National Airspace System:
Review of FAA's Spending for Operations
RCED/OGC/AIMD-99-222R: Published: Jun 18, 1999. Publicly Released: Jun 30, 1999.
- Full Report:
Pursuant to a congressional request, GAO reviewed the Federal Aviation Administration's (FAA) spending from its operations account, focusing on: (1) the history of funding FAA's operations activities from the Airport and Airway Trust Fund; (2) whether FAA has data to allow a determination of whether its spending for operations is cost-efficient and cost-effective; and (3) changes that FAA could institute in its various programs, offices, and projects to reduce its spending for operations.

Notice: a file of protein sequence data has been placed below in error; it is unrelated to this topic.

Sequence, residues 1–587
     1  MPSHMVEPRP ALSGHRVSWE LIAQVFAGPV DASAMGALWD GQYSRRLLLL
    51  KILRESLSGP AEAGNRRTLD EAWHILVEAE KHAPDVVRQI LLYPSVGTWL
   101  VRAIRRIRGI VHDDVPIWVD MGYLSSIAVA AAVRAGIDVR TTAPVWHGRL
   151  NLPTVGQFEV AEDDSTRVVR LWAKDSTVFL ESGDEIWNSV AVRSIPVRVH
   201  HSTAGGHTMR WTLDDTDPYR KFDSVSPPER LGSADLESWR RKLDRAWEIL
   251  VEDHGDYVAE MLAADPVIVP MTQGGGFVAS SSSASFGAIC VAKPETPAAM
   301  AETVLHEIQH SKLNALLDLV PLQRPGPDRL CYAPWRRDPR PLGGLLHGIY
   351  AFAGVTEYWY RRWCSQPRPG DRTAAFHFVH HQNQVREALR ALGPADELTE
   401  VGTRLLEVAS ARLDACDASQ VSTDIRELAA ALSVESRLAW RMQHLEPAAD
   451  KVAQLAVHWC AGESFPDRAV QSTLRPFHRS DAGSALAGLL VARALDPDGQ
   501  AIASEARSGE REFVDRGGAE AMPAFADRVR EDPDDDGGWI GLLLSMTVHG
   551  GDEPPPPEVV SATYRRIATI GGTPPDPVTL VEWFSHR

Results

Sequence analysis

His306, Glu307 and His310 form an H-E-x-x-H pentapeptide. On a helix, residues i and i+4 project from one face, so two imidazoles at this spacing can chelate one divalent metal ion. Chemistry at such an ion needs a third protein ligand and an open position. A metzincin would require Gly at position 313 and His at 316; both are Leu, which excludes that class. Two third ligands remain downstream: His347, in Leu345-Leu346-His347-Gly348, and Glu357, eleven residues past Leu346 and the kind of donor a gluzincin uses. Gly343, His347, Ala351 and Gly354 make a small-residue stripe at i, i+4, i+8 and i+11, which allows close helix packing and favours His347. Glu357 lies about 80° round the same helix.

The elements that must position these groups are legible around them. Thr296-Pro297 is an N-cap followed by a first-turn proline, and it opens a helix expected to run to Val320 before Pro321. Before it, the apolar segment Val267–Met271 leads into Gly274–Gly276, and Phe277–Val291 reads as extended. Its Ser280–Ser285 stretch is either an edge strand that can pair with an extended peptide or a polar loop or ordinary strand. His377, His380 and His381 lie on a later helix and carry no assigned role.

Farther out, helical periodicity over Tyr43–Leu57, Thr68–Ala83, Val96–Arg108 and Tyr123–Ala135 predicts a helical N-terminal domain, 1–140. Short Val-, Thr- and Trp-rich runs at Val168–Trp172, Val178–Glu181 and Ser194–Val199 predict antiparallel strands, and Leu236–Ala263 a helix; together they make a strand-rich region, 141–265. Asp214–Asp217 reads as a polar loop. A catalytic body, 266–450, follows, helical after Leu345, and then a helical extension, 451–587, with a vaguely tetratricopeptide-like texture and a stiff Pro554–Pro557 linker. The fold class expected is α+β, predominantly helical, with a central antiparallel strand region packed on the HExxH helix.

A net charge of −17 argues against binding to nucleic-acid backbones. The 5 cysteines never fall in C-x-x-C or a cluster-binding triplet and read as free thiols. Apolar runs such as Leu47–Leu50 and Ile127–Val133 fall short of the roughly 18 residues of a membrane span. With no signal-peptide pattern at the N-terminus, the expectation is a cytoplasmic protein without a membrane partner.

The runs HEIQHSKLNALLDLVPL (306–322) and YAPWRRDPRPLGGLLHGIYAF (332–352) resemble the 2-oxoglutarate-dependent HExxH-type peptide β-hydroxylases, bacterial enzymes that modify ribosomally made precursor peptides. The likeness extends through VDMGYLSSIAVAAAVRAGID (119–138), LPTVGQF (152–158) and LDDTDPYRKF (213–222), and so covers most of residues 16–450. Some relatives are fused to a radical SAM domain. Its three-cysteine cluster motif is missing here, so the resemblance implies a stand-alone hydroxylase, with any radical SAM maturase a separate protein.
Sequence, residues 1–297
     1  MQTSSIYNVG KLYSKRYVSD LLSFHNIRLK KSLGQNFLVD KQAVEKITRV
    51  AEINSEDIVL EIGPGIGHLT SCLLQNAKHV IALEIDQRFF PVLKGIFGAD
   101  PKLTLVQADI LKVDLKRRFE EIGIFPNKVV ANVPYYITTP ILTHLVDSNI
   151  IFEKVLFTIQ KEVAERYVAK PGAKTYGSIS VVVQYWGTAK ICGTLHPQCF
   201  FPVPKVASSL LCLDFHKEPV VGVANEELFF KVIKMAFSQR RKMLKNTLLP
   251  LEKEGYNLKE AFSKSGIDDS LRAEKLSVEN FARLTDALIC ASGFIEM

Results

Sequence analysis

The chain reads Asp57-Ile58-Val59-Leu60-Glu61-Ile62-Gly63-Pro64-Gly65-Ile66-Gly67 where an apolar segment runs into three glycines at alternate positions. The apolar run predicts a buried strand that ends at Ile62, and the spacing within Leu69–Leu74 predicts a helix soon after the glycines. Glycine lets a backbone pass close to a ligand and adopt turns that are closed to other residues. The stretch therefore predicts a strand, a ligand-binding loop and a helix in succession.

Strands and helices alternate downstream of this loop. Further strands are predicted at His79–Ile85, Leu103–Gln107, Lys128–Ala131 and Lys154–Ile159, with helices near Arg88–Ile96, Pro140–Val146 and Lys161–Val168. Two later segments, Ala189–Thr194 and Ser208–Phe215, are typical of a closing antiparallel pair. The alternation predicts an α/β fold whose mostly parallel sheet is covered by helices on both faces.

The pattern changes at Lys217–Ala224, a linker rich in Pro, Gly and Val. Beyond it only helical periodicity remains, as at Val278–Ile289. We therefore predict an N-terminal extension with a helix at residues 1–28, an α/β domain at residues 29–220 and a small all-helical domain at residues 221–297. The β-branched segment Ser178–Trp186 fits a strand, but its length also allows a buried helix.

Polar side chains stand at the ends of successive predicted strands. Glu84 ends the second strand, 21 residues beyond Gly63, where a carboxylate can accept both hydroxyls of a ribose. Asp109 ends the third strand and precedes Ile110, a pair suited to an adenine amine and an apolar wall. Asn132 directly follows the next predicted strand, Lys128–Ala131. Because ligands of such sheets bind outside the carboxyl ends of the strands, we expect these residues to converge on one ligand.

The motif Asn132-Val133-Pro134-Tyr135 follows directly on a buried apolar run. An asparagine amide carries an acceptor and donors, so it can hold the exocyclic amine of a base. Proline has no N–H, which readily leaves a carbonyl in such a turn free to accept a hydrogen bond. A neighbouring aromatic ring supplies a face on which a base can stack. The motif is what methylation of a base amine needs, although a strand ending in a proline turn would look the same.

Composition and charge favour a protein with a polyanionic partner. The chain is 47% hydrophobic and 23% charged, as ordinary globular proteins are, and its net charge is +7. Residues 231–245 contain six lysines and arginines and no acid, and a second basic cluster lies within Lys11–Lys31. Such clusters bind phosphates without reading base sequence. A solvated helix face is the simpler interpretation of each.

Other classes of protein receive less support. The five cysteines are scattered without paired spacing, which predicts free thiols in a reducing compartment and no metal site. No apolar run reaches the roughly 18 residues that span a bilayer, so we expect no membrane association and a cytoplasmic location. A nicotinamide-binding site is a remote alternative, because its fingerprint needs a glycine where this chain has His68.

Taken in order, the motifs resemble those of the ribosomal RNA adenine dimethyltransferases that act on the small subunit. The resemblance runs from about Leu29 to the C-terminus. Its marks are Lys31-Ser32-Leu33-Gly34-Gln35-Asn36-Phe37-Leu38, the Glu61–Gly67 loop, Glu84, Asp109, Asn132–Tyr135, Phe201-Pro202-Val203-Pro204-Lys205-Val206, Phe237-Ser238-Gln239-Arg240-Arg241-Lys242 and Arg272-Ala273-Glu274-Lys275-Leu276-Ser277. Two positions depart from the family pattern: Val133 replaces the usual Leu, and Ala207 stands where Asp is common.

GAO noted that: (1) the Trust Fund was created to finance aviation infrastructure, some administrative expenses, research and development, and the maintenance and operation of the National Airspace System; (2) during the 29-year period from fiscal year (FY) 1970 through FY 1998, the Trust Fund was used to pay for operations activities in 23 fiscal years; (3) the percentage of spending for operations financed from the Trust Fund varied widely, from 0 percent to 100 percent; (4) because FAA lacks complete and timely cost accounting data and has other weaknesses in financial management, the ability to perform a valid and reliable financial accounting determination of whether the agency's spending for operations is cost-efficient and cost-effective is limited; (5) such a determination would require the ability to compare the full cost of FAA's operating activities to output measurements; (6) GAO analyzed FAA's largest operating cost--payroll--and compared the agency's annual growth in payroll spending with that of the federal government as a whole; (7) GAO found that for FY 1990 through 1997, FAA's and the federal government's spending for payroll followed generally similar patterns; (8) for FY 1998 and FY 1999, FAA's spending grew at a significantly greater rate; (9) among the factors that contributed to this difference was that a higher concentration of FAA employees work in technical or safety areas, where pay and benefits tend to be higher; (10) the average grade of FAA employees is GS-12, whereas the average grade for federal employees is GS-9; (11) during this time period, FAA added safety-related staff to its workforce to bolster the agency's mission; (12) in FY 1998, the number of safety-related staff increased by over 1,100 employees; (13) FAA estimates that the costs associated with its new pay system will require approximately $1 billion in additional funding over 5 years beginning in FY 1999; (14) GAO and the Department of Transportation's Inspector General (IG) have recommended that FAA correct weaknesses in its accounting system to accurately accumulate reliable, cost-based data; (15) the IG has recommended that FAA correct weaknesses in its underlying accounting system to produce a set of auditable financial statements; (16) FAA plans to correct these weaknesses by the end of September 1999; (17) FAA's cost accounting system is under development and is scheduled to be fully implemented by September 2001; and (18) FAA has actions under way that have reduced its operating costs.